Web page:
by Simone Cadwell

Growing the future

Grootbos nature reserve invests in the community

Growing futures
Empowering women

A registered Section-21 Company (not for profit) established in 2005 in the Grootbos Nature Reserve, the foundation runs four projects that create nature-based lively hoods and promote conservation.

The green futures horticulture and life skills college

A year long practical training programme for local unemployed people in the fields of fynbos landscaping, horticulture and eco-tourism. The story of Green Futures is one of good news and hope in which unemployed people can find a new and exciting future in the field of fynbos landscaping and conservation. It all started as a dream of the Lutzeyer family, owners of Grootbos Private Nature Reserve, to train unskilled people from local communities and to find work for them in fynbos landscaping and horticulture. What started as a dream has become reality through a public/private partnership project between Grootbos and DEG (German Investment and Development company). The DEG agreed to support Grootbos on a rand-for-rand basis over a two-year period to establish the Green Futures college and training programme. The education centre has been built on Grootbos, a team of lecturers employed, a training curriculum developed and the first intake of twelve unemployed student’s chosen. The first year’s intake of eager ‘gardeners in the making’ began their training in June 2003. 

The growing the futures project

A year long practical training program for local unemployed women in small scale farming and animal husbandry. Subsistence farming has always been integral to many of the South African cultures, but in recent years, as people have moved from rural areas to the cities in search of work, these skills have started to lapse. Subsistence farming has taken a backseat to the luxuries that can be attained with money. For this reason, Growing the Future has a commercial edge, showing how people can provide food as well as generate income. It is important to us that the women have some exposure to, and learn the principles behind successful business. This will form a large part of the life skills component of the course, which will also include computer literacy, health education, numeracy and English.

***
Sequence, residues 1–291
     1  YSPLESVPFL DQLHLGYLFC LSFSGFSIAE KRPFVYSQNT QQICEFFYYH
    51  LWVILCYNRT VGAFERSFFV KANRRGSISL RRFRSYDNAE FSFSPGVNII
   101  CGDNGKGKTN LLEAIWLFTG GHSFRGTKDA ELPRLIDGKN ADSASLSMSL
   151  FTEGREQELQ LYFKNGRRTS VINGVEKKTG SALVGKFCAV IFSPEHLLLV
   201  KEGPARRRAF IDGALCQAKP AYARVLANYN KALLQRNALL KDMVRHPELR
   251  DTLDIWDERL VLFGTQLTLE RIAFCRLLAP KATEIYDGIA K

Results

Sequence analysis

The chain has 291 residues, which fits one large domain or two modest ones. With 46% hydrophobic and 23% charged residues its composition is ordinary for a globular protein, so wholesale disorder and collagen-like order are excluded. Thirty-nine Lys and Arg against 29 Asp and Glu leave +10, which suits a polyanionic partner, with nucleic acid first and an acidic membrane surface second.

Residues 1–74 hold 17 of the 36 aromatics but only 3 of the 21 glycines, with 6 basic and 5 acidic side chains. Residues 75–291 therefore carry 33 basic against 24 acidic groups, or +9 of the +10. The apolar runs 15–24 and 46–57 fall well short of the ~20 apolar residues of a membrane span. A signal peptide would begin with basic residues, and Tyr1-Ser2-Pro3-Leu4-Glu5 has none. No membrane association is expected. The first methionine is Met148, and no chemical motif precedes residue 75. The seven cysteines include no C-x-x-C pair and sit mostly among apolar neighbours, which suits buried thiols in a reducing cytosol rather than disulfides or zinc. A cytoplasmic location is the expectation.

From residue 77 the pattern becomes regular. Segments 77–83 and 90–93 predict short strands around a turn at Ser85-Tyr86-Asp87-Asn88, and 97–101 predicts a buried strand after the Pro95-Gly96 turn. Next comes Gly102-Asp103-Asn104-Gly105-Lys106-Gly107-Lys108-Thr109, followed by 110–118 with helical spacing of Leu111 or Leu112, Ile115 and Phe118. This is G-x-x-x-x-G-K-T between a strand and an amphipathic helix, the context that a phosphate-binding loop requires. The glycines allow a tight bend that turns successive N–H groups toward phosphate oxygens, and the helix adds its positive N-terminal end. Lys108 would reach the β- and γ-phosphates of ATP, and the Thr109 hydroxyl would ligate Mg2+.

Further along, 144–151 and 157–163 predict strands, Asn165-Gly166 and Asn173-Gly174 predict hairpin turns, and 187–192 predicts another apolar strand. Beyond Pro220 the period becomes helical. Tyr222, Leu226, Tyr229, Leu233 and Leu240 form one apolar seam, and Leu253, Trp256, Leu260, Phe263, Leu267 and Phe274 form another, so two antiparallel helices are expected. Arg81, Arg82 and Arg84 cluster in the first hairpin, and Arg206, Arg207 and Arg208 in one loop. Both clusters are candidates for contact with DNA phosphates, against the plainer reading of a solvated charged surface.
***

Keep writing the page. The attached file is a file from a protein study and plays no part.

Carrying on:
Skills Obtained

The skills that these women learn can be applied in many ways; on a small piece of land in the township, each could grow enough vegetables to feed her family; through some form of co-operative land use the graduates could grow produce on a commercial level.

For the students the course is fully subsidised – they receive transport, tools, uniforms and all their study materials, as well as a weekly stipend to cover their living costs. From the Grootbos Foundations point of view the project must be sustainable. They partly finance the project through the sale of the produce. This is a great way in which the students also contribute towards their education through their practical work.


Grootbos Private Nature Reserve
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This edition

Issue 58